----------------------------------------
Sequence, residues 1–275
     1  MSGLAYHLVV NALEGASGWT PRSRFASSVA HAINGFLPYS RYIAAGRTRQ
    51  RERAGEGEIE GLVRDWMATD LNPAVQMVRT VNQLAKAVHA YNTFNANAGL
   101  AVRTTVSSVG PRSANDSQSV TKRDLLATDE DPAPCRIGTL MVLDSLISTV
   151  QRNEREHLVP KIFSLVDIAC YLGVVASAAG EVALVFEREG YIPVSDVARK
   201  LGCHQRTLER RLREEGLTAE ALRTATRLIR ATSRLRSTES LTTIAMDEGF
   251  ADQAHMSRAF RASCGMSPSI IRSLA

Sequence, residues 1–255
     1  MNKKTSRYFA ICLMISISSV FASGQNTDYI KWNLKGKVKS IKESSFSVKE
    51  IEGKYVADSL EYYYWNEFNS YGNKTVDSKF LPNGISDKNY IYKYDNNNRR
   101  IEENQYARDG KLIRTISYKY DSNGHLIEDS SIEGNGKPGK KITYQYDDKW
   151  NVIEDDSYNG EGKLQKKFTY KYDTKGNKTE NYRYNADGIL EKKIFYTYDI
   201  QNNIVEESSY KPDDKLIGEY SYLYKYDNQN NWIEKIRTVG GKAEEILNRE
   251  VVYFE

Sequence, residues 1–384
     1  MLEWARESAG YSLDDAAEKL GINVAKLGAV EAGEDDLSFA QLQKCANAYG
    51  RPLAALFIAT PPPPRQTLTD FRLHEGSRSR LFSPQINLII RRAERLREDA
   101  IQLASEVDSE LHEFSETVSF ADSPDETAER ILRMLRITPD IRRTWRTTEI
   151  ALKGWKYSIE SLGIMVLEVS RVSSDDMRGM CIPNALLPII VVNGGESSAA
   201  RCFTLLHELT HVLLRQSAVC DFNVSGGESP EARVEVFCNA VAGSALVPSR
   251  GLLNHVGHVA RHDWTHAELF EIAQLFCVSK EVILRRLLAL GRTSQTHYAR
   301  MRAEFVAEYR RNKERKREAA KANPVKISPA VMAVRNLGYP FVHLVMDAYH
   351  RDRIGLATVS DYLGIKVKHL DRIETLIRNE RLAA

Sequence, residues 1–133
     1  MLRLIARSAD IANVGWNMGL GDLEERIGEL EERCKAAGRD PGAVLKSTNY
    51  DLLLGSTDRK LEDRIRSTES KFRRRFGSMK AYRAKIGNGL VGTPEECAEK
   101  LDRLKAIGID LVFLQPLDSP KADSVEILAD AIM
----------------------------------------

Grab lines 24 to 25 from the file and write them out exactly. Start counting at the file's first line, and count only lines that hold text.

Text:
Sequence, residues 1–133
     1  MLRLIARSAD IANVGWNMGL GDLEERIGEL EERCKAAGRD PGAVLKSTNY